The solution to better supply chain planning

supply chains

Jackie Shelton, RVP UK at Anaplan explores how organisations can simplify their supply chains at a time when Brexit and wider economic issues are causing growing uncertainty
Change and uncertainty are the buzzwords of the times for supply chains across industries, but far too often, supply chain management leaders make decisions in a data vacuum, which doesn’t work in today’s fast-paced market. With growing uncertainty surrounding evolving trade barriers, Brexit and wider economic issues, supply chain leaders need to make timely, value-based decisions so they can respond quickly to shifts in demand and customer needs.
The inability to dynamically adjust and execute plans in response to fluctuating market conditions is a common barrier to streamlining supply chain planning and operations, but as supply chain processes become ever-more complicated at the same time, simplifying them is key to efficient growth.
As such, the ability to sense shifts in demand and to respond on a near-real-time basis is critical and this ability requires next-generation technologies that connect data with people. There is a growing awareness that planning is crucial to achieving business goals. That said, traditional planning approaches have become redundant, unable to respond quickly enough to market demands. The development of new technologies has thus allowed planning to become truly connected.
Moving to the cloud in times of uncertainty
There is continued pressure on supply chain organisations from all angles, whether that’s to cut greenhouse emissions, or keep pace with technological disruption. These demands place a premium on effective connected planning and the ability to change and adapt plans quickly. Businesses cannot afford to have siloed sections of their global supply chain and as such, supply chain organisations that implement agile planning solutions can better manage and quickly respond to these consistently fluctuating pressures.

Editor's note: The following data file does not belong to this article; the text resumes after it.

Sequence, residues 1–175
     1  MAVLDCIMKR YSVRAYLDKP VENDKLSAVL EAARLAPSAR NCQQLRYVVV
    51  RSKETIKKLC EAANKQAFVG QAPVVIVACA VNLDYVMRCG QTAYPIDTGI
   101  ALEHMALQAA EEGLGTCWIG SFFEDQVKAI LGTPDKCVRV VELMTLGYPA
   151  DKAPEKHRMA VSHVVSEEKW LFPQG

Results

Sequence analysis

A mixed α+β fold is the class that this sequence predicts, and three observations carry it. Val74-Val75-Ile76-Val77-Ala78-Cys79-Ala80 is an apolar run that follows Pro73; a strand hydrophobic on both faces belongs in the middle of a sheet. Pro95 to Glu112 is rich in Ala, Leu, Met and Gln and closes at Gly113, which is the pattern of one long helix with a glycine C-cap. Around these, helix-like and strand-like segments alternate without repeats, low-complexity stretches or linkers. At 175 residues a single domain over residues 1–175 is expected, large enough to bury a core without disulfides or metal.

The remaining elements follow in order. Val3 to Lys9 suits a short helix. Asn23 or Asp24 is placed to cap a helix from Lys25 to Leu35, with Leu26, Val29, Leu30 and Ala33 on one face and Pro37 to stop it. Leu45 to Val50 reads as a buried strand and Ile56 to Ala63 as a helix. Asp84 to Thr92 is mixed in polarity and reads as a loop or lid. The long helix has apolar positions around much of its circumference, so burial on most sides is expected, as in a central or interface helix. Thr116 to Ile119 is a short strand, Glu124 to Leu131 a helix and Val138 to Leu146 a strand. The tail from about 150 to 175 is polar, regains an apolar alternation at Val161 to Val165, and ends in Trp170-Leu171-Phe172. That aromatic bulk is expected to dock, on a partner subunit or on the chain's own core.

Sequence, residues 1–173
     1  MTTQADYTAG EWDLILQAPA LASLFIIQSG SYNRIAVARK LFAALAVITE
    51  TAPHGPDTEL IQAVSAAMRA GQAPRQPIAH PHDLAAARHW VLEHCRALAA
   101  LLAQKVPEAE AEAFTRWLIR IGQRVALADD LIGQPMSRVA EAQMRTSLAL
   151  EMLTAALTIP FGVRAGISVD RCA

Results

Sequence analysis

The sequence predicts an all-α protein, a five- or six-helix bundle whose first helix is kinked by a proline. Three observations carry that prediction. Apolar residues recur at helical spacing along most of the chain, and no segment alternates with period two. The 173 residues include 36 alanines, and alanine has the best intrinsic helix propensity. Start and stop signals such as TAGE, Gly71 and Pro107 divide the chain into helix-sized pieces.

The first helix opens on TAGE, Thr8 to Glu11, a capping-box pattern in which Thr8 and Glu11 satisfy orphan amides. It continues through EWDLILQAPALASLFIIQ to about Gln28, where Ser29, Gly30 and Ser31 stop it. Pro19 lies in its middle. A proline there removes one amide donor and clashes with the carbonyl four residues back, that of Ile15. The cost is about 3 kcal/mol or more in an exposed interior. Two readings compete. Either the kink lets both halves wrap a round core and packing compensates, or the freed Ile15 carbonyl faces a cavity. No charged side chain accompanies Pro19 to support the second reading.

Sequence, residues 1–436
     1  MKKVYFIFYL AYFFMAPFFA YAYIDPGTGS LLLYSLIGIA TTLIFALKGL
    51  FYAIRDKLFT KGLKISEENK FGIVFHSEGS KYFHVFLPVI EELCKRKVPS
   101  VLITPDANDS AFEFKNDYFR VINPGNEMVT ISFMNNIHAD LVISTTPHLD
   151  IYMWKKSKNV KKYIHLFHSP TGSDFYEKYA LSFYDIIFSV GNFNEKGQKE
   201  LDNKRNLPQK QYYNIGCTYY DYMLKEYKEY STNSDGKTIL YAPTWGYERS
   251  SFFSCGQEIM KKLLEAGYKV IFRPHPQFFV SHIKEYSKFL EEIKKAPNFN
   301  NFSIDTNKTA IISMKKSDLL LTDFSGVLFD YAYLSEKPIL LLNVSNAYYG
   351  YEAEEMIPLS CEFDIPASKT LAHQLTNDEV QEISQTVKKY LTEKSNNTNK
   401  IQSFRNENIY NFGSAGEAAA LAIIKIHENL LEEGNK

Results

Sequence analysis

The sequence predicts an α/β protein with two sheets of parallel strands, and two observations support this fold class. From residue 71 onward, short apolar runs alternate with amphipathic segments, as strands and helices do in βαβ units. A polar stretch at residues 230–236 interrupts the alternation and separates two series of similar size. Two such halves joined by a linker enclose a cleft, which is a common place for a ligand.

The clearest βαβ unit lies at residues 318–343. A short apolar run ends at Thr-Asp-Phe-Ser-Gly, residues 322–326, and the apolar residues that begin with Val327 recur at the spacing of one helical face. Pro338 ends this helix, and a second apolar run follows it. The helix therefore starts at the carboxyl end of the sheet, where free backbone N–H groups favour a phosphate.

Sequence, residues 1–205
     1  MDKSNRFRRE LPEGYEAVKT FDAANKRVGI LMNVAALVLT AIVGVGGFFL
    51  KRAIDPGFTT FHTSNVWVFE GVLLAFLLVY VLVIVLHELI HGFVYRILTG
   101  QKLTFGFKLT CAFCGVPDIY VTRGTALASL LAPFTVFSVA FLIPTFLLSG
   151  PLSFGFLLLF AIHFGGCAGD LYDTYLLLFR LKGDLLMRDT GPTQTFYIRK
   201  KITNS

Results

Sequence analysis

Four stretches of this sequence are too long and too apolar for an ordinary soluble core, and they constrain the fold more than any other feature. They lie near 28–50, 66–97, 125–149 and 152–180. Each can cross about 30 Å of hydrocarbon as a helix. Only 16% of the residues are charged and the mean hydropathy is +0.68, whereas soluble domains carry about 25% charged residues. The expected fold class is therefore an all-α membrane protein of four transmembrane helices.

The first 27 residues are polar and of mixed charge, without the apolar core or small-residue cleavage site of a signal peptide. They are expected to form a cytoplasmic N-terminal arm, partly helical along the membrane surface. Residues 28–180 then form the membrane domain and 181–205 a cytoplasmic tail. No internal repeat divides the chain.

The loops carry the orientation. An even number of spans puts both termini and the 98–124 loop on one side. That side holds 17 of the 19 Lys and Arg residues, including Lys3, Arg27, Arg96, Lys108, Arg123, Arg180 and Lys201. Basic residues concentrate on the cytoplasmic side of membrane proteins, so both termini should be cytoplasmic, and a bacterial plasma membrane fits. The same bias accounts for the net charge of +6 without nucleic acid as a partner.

Most organisations are handcuffed though, unable to act responsively and dynamically because they are lumbered with legacy systems that are still constrained by their on-premise heritage. At the pace that the modern supply chain needs to be able to adjust, these organisations should be operating in the cloud with solutions that were “born online” rather than trying to force those cumbersome legacy systems to be something they’re not. The cloud allows stakeholders across the business to get real time insight into what is happening on the ground – whether that’s the progress of a supplier, customer demand or the performance of different product types.
Utilising new and innovative technologies 
There is no doubt that technology is critical to the health and competitiveness of a business. And it’s no wonder our recent State of Connected Planning study showed that 92% of businesses believe improved planning technology would provide better business outcomes. But, while 82% of executives in the study said that their organisation needs to plan more frequently than they did five years ago, only 23% feel equipped to incorporate market changes into their plans within a few days. Yet, at the same time, widespread globalisation, fluid economies, emerging technologies, and fluctuating consumer demands make unexpected events and evolving business models the normal course of business today.